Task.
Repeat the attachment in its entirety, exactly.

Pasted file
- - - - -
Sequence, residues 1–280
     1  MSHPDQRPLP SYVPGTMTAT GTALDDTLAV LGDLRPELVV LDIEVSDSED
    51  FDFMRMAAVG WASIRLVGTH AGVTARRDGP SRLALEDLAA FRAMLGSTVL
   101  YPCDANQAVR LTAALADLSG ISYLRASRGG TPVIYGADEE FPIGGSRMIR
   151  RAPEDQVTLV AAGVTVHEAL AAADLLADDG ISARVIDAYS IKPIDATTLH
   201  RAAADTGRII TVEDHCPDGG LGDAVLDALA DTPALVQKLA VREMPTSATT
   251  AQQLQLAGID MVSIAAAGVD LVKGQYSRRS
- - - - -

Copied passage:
Sequence, residues 1–280
     1  MSHPDQRPLP SYVPGTMTAT GTALDDTLAV LGDLRPELVV LDIEVSDSED
    51  FDFMRMAAVG WASIRLVGTH AGVTARRDGP SRLALEDLAA FRAMLGSTVL
   101  YPCDANQAVR LTAALADLSG ISYLRASRGG TPVIYGADEE FPIGGSRMIR
   151  RAPEDQVTLV AAGVTVHEAL AAADLLADDG ISARVIDAYS IKPIDATTLH
   201  RAAADTGRII TVEDHCPDGG LGDAVLDALA DTPALVQKLA VREMPTSATT
   251  AQQLQLAGID MVSIAAAGVD LVKGQYSRRS